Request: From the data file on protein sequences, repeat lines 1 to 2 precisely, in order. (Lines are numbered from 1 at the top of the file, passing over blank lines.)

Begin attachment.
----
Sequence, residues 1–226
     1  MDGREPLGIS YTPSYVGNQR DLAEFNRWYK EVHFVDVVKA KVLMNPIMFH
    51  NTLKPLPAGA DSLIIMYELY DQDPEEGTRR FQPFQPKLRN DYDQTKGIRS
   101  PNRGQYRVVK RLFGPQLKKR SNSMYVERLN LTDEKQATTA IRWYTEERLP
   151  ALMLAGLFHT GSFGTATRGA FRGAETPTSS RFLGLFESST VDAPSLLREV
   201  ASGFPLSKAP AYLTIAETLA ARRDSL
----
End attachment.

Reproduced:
Sequence, residues 1–226
     1  MDGREPLGIS YTPSYVGNQR DLAEFNRWYK EVHFVDVVKA KVLMNPIMFH